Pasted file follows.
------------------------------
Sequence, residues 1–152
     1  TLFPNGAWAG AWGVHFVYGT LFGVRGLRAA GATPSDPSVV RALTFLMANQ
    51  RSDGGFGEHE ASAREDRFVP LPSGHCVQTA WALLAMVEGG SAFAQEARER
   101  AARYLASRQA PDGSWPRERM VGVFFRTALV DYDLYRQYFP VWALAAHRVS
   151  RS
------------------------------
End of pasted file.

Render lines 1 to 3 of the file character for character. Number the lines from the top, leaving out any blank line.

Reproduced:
Sequence, residues 1–152
     1  TLFPNGAWAG AWGVHFVYGT LFGVRGLRAA GATPSDPSVV RALTFLMANQ
    51  RSDGGFGEHE ASAREDRFVP LPSGHCVQTA WALLAMVEGG SAFAQEARER